OutdoorIs My Garden Getting Enough Water?

Is My Garden Getting Enough Water?

Your garden needs water, oxygen, and sunlight to thrive. However, this requirement varies from one plant to the next.  Water is an essential requirement for your garden’s health. A lack of water will have a significant impact on your garden. Plants soak up nutrients from the soil through their roots in a liquid form, and poor hydration will hamper this process.

Some physical signs and symptoms can confirm if your garden is well watered or not. Small plants require a water depth of about 10 inches. Root shrubs need a water depth of about 2 feet, while some need up to 3 feet.

Potted plants

  • If your plant is in a pot, observe the soil surface. Dry and cracked soil indicates a dry plant.
  • Poke the soil with your finger to feel the moisture. If it doesn’t feel moist, your plant is not getting enough water.
  • Withered or brown leaves are clear hints of poor water supply.
  • Transparent and dwarfed leaves are also proof of dehydration.
  • If your pot is exceptionally light, it means your plant is water deprived.

For Outdoor Gardens 

  • A drop and wilted appearance indicate water deficiency.
  • A fallen blossom is an indication of water deficiency in flowering plants.
  • A pale, white, or brown discolouration indicates a dry plant.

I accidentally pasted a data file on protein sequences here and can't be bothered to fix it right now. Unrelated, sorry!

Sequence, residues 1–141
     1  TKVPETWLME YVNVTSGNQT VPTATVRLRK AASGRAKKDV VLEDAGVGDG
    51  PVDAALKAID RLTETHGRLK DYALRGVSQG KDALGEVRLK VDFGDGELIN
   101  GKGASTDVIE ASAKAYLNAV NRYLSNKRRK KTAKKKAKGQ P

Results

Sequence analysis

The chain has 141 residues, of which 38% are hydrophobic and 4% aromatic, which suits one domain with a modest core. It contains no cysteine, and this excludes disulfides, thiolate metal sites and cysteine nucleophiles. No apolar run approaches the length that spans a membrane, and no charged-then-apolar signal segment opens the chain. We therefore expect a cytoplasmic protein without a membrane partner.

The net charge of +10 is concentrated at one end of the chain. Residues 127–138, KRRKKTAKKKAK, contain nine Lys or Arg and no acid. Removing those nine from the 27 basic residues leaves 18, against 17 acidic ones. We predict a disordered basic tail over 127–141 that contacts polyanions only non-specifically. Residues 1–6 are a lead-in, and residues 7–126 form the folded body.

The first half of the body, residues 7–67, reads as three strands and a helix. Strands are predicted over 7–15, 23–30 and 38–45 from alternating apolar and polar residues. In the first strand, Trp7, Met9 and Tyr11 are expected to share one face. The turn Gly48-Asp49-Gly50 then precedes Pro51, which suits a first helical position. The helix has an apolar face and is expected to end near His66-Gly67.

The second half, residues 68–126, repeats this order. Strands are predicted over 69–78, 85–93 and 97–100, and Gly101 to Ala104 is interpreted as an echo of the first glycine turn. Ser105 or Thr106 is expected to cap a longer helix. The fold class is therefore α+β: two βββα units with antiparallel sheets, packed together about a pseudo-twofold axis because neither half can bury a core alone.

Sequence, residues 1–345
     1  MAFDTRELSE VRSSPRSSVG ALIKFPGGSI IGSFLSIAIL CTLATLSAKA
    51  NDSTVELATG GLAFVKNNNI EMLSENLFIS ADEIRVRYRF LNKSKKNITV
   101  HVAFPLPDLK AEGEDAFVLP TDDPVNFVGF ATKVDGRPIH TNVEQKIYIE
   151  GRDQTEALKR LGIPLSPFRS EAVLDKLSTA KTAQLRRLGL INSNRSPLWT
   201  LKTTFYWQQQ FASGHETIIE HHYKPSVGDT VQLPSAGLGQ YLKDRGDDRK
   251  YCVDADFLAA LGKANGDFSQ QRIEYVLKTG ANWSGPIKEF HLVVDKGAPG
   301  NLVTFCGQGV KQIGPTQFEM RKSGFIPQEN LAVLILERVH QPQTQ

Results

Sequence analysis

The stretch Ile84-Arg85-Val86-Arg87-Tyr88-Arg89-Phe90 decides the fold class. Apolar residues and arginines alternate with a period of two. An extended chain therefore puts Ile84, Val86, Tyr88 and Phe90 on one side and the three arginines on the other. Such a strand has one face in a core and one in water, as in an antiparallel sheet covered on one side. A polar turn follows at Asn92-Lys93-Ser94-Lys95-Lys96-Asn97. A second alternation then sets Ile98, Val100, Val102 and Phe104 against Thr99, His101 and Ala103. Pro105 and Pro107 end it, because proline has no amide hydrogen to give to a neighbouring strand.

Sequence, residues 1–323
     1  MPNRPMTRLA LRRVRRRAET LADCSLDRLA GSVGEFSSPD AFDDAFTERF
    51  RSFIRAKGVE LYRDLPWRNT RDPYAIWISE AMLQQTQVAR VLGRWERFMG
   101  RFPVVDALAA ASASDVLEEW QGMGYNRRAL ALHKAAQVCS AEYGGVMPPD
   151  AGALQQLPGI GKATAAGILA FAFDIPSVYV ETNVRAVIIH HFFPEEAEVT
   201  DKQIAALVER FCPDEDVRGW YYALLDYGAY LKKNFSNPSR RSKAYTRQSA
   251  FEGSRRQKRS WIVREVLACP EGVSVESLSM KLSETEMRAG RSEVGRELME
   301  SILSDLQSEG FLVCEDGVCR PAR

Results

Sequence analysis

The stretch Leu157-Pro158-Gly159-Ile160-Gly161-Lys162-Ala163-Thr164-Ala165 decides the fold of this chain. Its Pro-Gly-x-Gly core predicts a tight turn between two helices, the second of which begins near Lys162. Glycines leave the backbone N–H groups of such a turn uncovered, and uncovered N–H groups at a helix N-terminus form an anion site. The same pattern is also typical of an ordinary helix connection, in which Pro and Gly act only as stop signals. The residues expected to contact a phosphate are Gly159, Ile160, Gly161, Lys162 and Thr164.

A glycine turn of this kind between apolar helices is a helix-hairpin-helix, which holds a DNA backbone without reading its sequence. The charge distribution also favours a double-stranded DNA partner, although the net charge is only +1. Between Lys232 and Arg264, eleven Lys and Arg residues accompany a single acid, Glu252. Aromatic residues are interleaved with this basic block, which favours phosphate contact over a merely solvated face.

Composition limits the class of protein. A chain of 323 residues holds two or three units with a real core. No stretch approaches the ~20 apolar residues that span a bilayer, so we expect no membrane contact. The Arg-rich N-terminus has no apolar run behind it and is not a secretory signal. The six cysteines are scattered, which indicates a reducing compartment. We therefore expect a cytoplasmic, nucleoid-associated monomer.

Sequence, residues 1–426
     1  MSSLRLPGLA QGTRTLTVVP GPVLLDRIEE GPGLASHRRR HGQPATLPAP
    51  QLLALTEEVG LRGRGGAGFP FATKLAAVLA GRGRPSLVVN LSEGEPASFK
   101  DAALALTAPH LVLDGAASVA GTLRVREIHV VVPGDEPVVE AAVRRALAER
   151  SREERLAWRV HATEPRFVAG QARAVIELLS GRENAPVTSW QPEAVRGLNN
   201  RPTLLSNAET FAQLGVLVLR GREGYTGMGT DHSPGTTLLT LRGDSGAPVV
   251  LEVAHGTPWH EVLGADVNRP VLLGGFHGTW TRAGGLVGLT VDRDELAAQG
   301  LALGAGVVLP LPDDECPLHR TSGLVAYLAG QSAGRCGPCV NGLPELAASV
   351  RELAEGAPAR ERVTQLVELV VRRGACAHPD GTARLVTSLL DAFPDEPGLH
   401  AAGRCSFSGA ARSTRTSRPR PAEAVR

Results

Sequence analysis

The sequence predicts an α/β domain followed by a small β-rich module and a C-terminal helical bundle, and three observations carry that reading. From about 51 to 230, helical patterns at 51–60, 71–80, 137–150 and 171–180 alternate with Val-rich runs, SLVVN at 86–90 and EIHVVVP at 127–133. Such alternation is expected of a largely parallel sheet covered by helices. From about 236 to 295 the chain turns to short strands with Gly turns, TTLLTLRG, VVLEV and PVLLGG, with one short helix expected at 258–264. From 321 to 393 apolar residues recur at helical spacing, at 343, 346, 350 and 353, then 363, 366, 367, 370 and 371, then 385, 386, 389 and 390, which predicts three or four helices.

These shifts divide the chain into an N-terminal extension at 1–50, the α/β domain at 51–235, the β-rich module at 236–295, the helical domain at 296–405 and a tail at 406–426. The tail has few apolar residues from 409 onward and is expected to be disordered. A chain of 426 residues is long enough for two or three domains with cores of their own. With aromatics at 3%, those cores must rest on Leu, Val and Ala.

When to water

It is crucial to know when to water your plants, as over-watering your plants has a similar effect or worse than not watering them enough. However, heavy watering is good if done infrequently.

Some people depend on rain to water their gardens. Checking rain gauges online or a weather report could help you better predict when the rain will fall, or the last time it fell.

Check the moisture content of the soil to know if your plants need watering. However, some situations warrant immediate watering regardless of the soil conditions.

  • When your plant is showing signs of heat stress, this can be caused sometimes by the midday sunlight.
  • When your plant is wilting and shows signs of drought stress. Immediately, water it.

The Effects of Overwatering Your Garden 

  • Your plant will winter and die when its roots become too wet.
  • Overwatering your plant will make it susceptible to leaf diseases.
  • Soil oxygen is lost or significantly reduced when you overwater your plants. Oxygen is vital for the well-being of your plants.

General Tips for Watering Your Garden

  • Do not use treated water on your house plants.
  • Water more during the spring and less during the winter.
  • Water plant in the morning.
  • Water plants at the soil level and avoid broadcast sprinklers.
  • Don’t water your plants every day. 

In addition to oxygen and sunlight, adequate watering is essential to the optimum growth of your garden. It is also important to get your soil tested to know how much water it can hold and if it is the best option for your plant.

It is also vital that you understand your plants. Different plants have different needs.

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